Joy in Nansana

November 26 2008 / ShareHim in Uganda B, Oct. 24 - Nov. 7 '08 #336
by H. Eugene Miller

Campaign Site Narrative from Nansana-Namusera, Nansana in Uganda B. The speaker assigned to this site was Eugene Miller.

After three years of wishing, I finally was able to go on a ShareHim evangelistic event. I was originally scheduled to go to India. Because of the recent uprising there against Christians, that event was cancelled and we were rescheduled for Uganda. That change made no difference to me. Maybe someday I will get to India.

With the short-time notice of less than two months the conference, staff, pastors, and church members in Uganda did a great job of preparing for us. Three of our six speakers went to churches in one district and three to another. Each district pastor has 20 churches to care for! The six churches we spoke in were all in the northwestern part of Kampala. This capitol city of Uganda has a population of 13,000,000. We were told that about 50% of the population is Catholic, 20% is Muslem, and the other 30% is divided among various Christian denominations plus those who are ‘un-churched’ or who belong to other non-Christian organizations.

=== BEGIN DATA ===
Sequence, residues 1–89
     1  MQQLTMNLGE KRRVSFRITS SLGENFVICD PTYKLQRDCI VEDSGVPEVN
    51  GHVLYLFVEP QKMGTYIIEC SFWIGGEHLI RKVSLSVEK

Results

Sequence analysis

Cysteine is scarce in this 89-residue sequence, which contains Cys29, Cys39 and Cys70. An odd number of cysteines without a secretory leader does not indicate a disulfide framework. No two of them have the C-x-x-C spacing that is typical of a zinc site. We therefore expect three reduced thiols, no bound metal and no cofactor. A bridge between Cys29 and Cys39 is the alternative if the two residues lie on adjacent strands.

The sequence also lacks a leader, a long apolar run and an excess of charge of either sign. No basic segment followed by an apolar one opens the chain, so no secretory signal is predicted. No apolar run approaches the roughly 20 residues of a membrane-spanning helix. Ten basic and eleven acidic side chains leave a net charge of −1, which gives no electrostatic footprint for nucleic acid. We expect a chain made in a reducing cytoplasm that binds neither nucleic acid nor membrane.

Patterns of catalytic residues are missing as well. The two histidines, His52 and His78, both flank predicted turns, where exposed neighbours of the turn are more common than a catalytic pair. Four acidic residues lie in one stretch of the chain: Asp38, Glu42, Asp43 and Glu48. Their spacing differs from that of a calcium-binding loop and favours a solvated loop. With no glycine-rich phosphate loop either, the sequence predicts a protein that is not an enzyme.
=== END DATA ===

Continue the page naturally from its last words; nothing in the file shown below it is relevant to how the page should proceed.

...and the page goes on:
The Nansana community where “my” church was located has a population of 300,000. This church happened to be the preaching site furthest from our hotel, six miles. And what a ride those six miles were! Nissan vans used as taxis nearly filled the road. Added to this were some other cars, trucks (including occasional 18-wheelers), motorcycles, bicycles, pedestrians, and occasional cattle or goats. Even the motorcycles and bicycles were used as taxis or freight carriers. I quickly realized that these people were the absolute masters of very small spaces.

As we traveled down the road, there were times that, if I had wanted to, I could have put the car window down to shake hands with folk in the vehicles on either side of ours! The passing of other vehicles and cutting in were all more intense than driving in America. Yes, more than my experiences driving in Los Angeles, San Francisco, Boston, New York, or Washington, D.C. It reminded me a bit of a license plate frame I used to occasionally see. It read, “get in, sit down, shut up, and hold on.” And that is what I did traveling between the hotel and the church site. Several times as we traveled back to the hotel at night I could see oncoming headlights as we passed. My driver ducked in front of the vehicle we passed just in time to avoid an accident. On one occasion, we came so close to a bicyclist that our outside mirror brushed against the handlebar of his bicycle.